Consent issues may halt hotel plans
Just weeks after opening its doors, a beleaguered Bluff boutique hotel looks to be shutting up shop, causing seven people to lose their jobs, because of a raft of problems they say the Invercargill City Council has inflicted on them.
James and Simon Cavanagh put a conditional offer on the Lands End Boutique Hotel in November and started decorating and refurbishing it last month.
They opened the bistro doors for customers and were hoping to open the hotel to guests as well.
But just weeks after opening, they closed because of consent issues they faced and ongoing battles with the council, James Cavanagh said.
Now it looks as though the couple will walk away from their dream property if the consents are not issued to the previous owners by January 16.
"We stand to lose about $250,000."
Owner Mary McIntosh said she and her husband Rob were unaware the pair planned to pull out of the contract and did not want to comment without consulting a lawyer.
The Cavanaghs said they were now selling the furnishings they bought for the hotel on their Facebook page and planned to pull out of the sale and purchase agreement on Thursday, before returning to Australia to pursue suing the city council.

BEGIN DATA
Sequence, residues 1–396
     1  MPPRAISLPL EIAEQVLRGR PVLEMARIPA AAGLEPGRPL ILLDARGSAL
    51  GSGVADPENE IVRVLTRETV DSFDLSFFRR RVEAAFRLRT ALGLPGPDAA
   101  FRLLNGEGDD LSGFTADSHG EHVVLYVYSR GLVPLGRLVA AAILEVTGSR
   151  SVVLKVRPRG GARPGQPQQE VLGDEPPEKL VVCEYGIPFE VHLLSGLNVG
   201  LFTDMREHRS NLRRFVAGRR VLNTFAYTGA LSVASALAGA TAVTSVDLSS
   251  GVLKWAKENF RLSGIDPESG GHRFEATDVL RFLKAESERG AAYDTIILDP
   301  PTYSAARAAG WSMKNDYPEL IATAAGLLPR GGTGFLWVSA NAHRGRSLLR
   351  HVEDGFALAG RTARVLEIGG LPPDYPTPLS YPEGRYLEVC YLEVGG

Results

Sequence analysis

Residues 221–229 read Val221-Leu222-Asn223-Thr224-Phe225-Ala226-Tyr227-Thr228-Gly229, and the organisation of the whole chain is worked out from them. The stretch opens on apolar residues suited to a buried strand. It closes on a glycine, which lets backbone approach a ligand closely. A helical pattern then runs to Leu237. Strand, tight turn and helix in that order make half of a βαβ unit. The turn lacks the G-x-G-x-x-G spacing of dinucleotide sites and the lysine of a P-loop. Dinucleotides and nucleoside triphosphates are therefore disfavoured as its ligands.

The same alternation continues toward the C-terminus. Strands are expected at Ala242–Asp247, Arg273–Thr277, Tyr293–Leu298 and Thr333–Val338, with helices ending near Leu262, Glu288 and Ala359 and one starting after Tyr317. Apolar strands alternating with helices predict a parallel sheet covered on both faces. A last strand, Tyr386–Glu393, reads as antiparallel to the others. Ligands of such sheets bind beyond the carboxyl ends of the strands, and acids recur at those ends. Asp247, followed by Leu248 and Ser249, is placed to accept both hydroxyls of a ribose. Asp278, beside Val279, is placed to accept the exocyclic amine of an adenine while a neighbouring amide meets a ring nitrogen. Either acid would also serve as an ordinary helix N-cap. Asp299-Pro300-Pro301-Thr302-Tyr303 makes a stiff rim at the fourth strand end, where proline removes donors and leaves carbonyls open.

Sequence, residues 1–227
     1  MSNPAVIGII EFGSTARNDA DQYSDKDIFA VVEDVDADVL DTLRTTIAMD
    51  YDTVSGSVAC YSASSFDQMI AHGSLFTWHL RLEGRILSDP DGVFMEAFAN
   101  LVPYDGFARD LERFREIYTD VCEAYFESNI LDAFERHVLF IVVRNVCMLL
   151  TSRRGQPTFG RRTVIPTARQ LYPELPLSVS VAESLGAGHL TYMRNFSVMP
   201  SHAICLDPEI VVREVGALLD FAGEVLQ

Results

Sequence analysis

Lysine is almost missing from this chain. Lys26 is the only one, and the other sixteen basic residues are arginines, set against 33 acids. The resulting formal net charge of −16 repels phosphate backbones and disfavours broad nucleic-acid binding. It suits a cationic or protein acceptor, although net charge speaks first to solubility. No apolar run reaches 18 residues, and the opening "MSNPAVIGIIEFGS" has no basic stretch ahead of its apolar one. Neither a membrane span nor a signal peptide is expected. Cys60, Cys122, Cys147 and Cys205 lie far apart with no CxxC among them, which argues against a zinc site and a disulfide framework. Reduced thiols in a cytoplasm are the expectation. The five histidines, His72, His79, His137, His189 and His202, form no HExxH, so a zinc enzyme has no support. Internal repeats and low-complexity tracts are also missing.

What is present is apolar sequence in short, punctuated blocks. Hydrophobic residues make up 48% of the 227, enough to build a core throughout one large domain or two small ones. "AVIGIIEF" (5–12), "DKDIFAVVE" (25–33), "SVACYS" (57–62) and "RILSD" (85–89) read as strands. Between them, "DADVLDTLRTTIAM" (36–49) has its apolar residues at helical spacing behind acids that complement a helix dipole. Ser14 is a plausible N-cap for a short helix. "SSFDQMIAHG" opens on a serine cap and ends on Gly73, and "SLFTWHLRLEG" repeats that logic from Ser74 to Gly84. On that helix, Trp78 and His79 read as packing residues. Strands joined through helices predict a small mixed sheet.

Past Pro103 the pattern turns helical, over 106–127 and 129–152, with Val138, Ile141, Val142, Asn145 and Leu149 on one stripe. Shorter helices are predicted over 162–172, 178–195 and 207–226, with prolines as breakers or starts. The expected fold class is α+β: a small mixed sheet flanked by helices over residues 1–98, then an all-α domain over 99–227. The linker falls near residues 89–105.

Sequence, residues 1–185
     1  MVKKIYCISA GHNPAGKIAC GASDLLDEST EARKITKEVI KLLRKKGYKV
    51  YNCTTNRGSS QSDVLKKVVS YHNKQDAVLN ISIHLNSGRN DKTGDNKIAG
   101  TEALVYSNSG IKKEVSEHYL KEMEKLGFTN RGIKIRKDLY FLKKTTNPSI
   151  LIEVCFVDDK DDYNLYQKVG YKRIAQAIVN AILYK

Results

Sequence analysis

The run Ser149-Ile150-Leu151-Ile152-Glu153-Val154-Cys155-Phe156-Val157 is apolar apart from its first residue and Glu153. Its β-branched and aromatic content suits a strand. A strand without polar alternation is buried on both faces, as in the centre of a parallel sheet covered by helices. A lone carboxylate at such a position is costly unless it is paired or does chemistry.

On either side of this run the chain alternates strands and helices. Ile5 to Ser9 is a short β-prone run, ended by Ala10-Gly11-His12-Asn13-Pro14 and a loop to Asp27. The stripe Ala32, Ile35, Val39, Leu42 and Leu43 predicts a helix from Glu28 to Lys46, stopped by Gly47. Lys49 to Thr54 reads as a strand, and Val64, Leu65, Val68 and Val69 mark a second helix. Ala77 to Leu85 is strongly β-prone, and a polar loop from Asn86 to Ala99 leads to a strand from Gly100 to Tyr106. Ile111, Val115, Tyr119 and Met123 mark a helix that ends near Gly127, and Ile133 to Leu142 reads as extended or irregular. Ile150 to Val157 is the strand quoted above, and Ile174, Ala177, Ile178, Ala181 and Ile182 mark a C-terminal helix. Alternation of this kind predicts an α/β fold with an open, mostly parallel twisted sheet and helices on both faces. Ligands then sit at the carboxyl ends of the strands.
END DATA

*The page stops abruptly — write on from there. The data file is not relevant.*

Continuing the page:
"We are pulling out of the contract and then we are going to tackle the council and then we will sue."
Invercargill City Council building regulation services manager Simon Tonkin said the council had not been approached by any lawyers on the Cavanaghs' behalf.
"No one has come anywhere near us," he said.
The Cavanaghs said they were plagued with ongoing delays and issues with the city council and had spoken with their solicitor.
The pair were hoping to recoup some of their losses when the owners sold the hotel.
It was disappointing that people were trying to attract businesses to Invercargill and the surrounds, but the council was so difficult to deal with, they said.
"We are wanting to get out of this now while we are still above water."
The closure of the business would mean seven Bluff residents would lose their jobs, he said.
Mr Tonkin said a building inspector had visited Bluff on Thursday at the wish of the owners because of three outstanding consents, but the owners and the couple had not managed to complete those parts of the building up to the required level.
Several different aspects of the building did not meet the standards, he said.
The inspector then compiled a list for both the couple and the previous owners to complete so they could sign off on the building, he said.
"I would definitely say they [inspectors] have gone out of their way to help them."
Bluff Community Board chairman Raymond Fife said while the loss of the business for the community was "a blow", he did not know what was going on.
"I can't really comment because it is an issue between the owners and the Invercargill City Council," he said.